Thursday, October 31, 2013


Starring: Harrison Ford, Asa Butterfield, Hailee Steinfeld, and Abigail Breslin
Rated: PG-13

ENDER’S GAME opens today starring Harrison Ford, Asa Butterfield, Hailee Steinfeld,  and Abigail Breslin.  This science fiction tale is based closely on the best selling novel by Orson Scott Card, written in 1985.  The film depicts Earth in the future which had battled and won an alien invasion.  Children with gaming skills were then recruited to train in order to combat the aliens in a final battle to end all future battles.  

“Ender’s Game” is geared toward the young adolescent population.  In this film, the commanding officers are looking for that one shining star of a soldier that will lead the country forward in successful battle.  Commander Graff thinks he has found his savior in Ender.  To prove that Ender is the right choice, he is put through many tests.  In order to live up to these expectations, Ender must manipulate and outsmart the current group leaders and win tactical games.  This winner then obtains the honor and privilege of possibly leading Earth to victory over the aliens in an upcoming war.  Ender, the scrawny, but extremely intelligent teen proceeds in the training program and is tested in many ways with the commander always supervising like a shepherd over his flock.  Ender has many issues to deal with such as bullying, family pressures, his relationships with his siblings and how they affect his training, as well as making friends.  As Ender struggles in various situations, his need for family support never waivers. Being away at this military type of boarding school where he is initially a loner, pushes Ender to look within himself for strength and courage to compete and complete his training.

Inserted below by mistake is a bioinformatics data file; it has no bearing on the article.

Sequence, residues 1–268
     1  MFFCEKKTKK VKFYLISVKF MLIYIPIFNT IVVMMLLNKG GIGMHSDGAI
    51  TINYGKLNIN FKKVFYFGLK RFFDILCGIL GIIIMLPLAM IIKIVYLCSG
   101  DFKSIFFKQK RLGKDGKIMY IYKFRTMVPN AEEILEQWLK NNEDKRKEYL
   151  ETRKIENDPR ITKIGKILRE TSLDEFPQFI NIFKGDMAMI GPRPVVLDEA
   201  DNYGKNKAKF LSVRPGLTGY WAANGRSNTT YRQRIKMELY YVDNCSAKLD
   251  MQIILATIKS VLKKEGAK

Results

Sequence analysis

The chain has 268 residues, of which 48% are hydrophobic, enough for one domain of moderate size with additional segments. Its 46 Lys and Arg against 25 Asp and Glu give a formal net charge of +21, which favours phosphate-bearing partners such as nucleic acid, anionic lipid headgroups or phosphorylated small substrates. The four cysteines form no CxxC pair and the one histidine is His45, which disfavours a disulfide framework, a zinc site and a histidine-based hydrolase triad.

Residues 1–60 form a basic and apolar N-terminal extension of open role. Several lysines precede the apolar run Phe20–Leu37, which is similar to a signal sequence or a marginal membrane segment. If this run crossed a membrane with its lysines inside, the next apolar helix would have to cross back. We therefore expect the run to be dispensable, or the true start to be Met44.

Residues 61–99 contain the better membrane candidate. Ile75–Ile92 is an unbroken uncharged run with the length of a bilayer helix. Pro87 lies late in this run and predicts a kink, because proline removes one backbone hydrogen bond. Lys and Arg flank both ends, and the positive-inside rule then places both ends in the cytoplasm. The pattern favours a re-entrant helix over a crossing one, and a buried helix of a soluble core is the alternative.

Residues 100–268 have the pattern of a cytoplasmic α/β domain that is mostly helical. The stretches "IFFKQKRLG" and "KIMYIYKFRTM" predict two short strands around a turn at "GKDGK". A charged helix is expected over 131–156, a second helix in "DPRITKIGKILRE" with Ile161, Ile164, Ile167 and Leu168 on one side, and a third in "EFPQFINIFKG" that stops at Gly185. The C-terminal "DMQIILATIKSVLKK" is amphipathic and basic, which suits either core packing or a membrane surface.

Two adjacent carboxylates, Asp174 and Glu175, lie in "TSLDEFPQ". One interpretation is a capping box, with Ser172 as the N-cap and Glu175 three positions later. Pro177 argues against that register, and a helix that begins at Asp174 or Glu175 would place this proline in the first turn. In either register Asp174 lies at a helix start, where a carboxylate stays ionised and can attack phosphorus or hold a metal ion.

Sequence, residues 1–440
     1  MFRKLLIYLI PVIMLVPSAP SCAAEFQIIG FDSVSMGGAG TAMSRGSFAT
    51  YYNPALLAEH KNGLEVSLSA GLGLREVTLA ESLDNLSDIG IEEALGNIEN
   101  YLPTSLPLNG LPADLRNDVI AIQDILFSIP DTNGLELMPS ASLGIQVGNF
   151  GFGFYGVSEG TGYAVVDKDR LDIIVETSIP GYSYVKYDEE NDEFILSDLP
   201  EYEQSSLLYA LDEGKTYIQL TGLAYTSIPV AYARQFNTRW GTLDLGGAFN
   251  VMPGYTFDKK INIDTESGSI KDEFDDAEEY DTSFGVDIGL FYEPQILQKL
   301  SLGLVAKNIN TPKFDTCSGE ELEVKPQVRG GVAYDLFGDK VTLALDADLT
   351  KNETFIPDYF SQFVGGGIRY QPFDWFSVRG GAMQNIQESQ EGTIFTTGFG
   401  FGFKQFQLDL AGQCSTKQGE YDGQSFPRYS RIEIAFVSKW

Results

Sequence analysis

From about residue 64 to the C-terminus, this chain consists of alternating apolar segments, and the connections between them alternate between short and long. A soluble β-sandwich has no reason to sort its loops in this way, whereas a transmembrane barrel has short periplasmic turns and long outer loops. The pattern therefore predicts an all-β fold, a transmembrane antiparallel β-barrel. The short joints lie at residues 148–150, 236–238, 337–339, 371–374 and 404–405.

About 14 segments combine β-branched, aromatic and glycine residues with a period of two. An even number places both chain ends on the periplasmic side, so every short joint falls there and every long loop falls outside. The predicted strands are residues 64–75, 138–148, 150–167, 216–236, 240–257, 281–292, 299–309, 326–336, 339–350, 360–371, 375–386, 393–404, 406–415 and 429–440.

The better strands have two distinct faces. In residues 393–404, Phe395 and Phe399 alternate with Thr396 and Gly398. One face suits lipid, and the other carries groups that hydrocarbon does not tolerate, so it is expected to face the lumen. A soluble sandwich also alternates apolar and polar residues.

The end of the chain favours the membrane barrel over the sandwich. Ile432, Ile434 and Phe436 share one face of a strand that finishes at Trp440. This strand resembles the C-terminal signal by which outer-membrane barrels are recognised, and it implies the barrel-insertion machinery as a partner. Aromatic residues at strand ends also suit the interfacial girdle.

“Ender’s Game” is a typical science fiction film. There are plenty of space training fights at zero gravity and more than enough video game practice battles at command central in outer space.  Explanations of equipment and the alien enemy information is expressed in excruciating detail.  Special effects of floating in space and high tech equipment is the main focal point for visual entertainment, but it goes overboard to the point of boredom due to repetition.  And the dizzying camera work could come close to making any viewer carsick.  

Asa Butterfield plays Ender with adequate skills.  Harrison Ford’s role of the commanding officer is adequate.  Viola Davis’ character is nothing shy of dull, but this has nothing to do with her acting abilities.  It is solely due to the writing and the overall character in the film.  All of the actors do an acceptable job in portraying their characters, but the roles are just rather flat in nature.  

“Ender’s Game” is a futuristic film geared toward young teens who enjoy science fiction and gaming.  With many gaming scenes, space fights, and technical jargon, the film loses momentum and becomes rather boring.  Although the movie is rather predictable, “Ender’s Game” has redeeming qualities as it addresses typical growing pains from the underdog’s point of view.  Bullying, lack of confidence, making friends, and making right choices are all things any young child experiences.  If you’re a fan of the book or if you’re wanting to take your 4th - 8th grader to see a movie, this will be an entertaining choice.  If you’re over 15 and not into gaming and science fiction, check your local listings for another film.  

Wednesday, October 16, 2013


What?  You live in or around the Chicago area and you haven't seen one film at the Chicago International Film Festival?  What are you waiting for?  With a variety of films, there are movies that will appeal to everyone.  The list can be overwhelming and I have had the pleasure of seeing many of them so let me do the work for you.  Here are my recommendations at this year's festival.  To find out more or see the schedule, go to


As I see films, I will update this list.  Have fun and take in some films you might not otherwise get a chance to see.



"Enough Said," starring Julia Louis- Dreyfus, Catherine Keener and James Gandolfini, opens in wide release today.  This unique independent movie is Gandolfini's final film performance and is truly a wonderful representation of his skills as an actor.  Pairing him with Louis-Dreyfus and Keener along with providing the cast with smart, creatively complex dialogue that keeps you not just interested, but emotionally connected with the characters makes this film a film to see.